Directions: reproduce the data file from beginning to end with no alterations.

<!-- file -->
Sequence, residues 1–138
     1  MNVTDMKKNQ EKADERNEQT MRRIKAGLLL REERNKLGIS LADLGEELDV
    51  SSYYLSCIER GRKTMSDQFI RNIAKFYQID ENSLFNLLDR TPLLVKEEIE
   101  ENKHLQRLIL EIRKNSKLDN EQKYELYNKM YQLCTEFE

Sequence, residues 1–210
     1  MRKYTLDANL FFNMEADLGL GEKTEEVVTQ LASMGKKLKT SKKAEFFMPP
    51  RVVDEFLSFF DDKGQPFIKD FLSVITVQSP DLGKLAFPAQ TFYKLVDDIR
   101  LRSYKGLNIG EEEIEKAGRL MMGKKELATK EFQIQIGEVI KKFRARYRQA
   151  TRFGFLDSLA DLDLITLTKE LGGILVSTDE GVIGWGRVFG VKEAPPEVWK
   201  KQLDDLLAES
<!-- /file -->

Sequence, residues 1–138
     1  MNVTDMKKNQ EKADERNEQT MRRIKAGLLL REERNKLGIS LADLGEELDV
    51  SSYYLSCIER GRKTMSDQFI RNIAKFYQID ENSLFNLLDR TPLLVKEEIE
   101  ENKHLQRLIL EIRKNSKLDN EQKYELYNKM YQLCTEFE

Sequence, residues 1–210
     1  MRKYTLDANL FFNMEADLGL GEKTEEVVTQ LASMGKKLKT SKKAEFFMPP
    51  RVVDEFLSFF DDKGQPFIKD FLSVITVQSP DLGKLAFPAQ TFYKLVDDIR
   101  LRSYKGLNIG EEEIEKAGRL MMGKKELATK EFQIQIGEVI KKFRARYRQA
   151  TRFGFLDSLA DLDLITLTKE LGGILVSTDE GVIGWGRVFG VKEAPPEVWK
   201  KQLDDLLAES